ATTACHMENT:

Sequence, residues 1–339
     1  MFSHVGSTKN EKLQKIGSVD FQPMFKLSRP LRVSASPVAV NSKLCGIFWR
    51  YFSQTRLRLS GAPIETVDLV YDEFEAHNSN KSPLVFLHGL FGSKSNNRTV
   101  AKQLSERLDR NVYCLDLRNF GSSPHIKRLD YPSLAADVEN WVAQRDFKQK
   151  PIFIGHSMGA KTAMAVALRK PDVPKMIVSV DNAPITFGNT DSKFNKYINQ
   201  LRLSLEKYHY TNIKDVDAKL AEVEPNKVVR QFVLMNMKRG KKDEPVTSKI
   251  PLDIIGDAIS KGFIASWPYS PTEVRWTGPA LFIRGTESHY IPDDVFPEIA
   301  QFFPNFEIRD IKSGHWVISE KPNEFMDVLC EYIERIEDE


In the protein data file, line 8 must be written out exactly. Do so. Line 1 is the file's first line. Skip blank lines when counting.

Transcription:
   301  QFFPNFEIRD IKSGHWVISE KPNEFMDVLC EYIERIEDE